The project has received considerable public support because it allows for the future growth and expansion of St. George and its surrounding areas. Construction continues this spring and summer to extend the new highway another eight miles.
Photos were taken by Bighorn Archaeological Consultants, and Eric Hansen.
Courtesy; Utah DOT
UNITED KINGDOM - An archaeologist who stole three 17th-century vases discovered during the development of SouthGate shopping centre in Bath was caught out four years later after trying to sell the items on eBay.
James Vessey, 35, was employed by the Museum of London Archaeology during an excavation in 2008.
The team uncovered three Bellarmine vessels dating back to between 1650 and 1700, which were traditionally used to protect against witchcraft, but the items disappeared before they could be delivered to the museum for analysis.
They resurfaced last year when another archaeologist spotted one of the vases for sale on eBay and contacted the museum's project officer Bruno Barber.
Police then executed a warrant at Vessey's narrowboat home in Oxfordshire.
Bath Magistrates Court was told that Vessey, who admitted theft, had a history of stealing historical artefacts from archaeological digs which he was working on, and in 2001 had been jailed for 15 months.
Andrea Edwards, prosecuting, read a statement from Mr Barber outlining the impact of the theft of the Bellarmine vessels. He said not only had the crime cast suspicion over other archaeologists, but had led to the loss of potentially significant historical evidence.
The court heard Vessey was no longer working as an archaeologist and had been dealing with the illness and death of both his parents at the points in his life when he had committed his crimes.
He was given a four-month suspended prison sentence and ordered to carry out 270 hours of unpaid community work, as well as to compensate the man who had bought the vase from him on eBay.
Courtesy; The Bath Chronicle
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By Tom Eblen — Herald-Leader columnist
KENTUCKY — I always thought it would be fun to have a metal detector. I wasn't so much interested in hunting for buried treasure as finding bits of history hidden a few inches beneath my feet.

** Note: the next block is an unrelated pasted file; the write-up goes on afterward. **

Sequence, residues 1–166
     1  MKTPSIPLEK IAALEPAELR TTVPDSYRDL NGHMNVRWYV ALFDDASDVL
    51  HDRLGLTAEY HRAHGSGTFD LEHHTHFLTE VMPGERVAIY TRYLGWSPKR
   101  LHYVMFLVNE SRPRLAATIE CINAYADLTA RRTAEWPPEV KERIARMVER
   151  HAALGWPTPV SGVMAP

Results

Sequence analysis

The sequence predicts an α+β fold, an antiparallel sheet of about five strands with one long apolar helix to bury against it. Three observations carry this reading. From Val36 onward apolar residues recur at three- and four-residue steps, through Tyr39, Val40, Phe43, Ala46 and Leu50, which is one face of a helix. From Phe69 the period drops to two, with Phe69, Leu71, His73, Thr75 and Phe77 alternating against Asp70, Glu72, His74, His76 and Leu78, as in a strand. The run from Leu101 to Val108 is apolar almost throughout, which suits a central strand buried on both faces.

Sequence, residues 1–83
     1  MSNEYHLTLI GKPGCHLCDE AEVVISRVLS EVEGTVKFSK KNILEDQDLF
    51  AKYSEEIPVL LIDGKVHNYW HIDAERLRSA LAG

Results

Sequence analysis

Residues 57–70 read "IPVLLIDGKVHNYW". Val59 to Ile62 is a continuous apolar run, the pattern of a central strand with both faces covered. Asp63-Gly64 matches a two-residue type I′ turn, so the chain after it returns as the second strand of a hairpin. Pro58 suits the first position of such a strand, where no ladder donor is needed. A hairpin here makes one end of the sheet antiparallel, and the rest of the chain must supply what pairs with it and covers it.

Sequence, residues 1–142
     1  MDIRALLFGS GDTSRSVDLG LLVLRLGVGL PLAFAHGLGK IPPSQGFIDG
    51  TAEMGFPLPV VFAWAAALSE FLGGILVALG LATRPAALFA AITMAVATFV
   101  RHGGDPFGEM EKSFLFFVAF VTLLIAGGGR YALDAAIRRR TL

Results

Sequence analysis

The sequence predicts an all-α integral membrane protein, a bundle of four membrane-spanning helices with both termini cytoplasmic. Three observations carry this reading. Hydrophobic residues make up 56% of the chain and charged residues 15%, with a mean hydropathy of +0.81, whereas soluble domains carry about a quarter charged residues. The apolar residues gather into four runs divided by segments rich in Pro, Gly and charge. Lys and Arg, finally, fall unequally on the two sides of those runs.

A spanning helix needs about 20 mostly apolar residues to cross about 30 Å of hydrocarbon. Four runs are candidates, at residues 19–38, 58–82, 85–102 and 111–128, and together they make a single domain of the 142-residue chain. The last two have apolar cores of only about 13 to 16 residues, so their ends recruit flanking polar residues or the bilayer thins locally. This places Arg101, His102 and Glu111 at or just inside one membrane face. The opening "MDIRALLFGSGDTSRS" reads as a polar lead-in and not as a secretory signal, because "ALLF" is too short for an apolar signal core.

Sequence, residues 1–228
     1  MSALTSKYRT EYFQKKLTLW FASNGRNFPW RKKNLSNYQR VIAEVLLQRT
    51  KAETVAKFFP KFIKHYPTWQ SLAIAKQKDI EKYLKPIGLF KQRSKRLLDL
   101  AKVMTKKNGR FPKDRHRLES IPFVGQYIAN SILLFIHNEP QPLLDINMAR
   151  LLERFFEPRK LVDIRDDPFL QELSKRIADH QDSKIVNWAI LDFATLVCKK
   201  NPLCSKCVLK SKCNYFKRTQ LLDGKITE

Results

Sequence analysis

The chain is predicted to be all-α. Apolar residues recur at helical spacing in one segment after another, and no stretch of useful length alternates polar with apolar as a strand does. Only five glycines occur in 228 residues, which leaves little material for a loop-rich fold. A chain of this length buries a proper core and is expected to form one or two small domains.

Scott Clark, an Internet business consultant in Lexington, has similar interests. An avid metal detectorist since 1985, he has become quite skilled at it — and increasingly passionate about improving the ethics and image of his hobby.
Metal detecting doesn't have the best of reputations, thanks to "treasure hunters" who look for relics on Civil War battlefields or pock-mark parks in search of lost valuables. Many historical archaeologists view detectorists about as favorably as a brain surgeon would a witch doctor.
But serious detectorists are trying to change that. Earlier this year, Clark was part of a group that worked with archaeologists to explore James Madison's Montpelier estate in Virginia. Clark co-authored an article with Montpelier archaeologist Matthew Reeves on the blog of the Society for Historical Archaeology about how the two groups can work together and literally find common ground.
Clark has a blog at Detecting.us and often writes about best practices in the hobby. Those include always asking landowners' permission before detecting, sharing finds with them and digging carefully so grounds are not damaged. He also avoids truly historic areas, such as battlefields.
Clark often donates his services to people who have lost valuables outside. Last month, he found a wedding band for a Versailles man after it slipped off his finger while he was mowing his yard.
Clark said he never accepts payment or rewards, but people often thank him by arranging access to interesting sites he can search. "The currency of the hobby is permission, which requires being trustworthy and transparent," he said.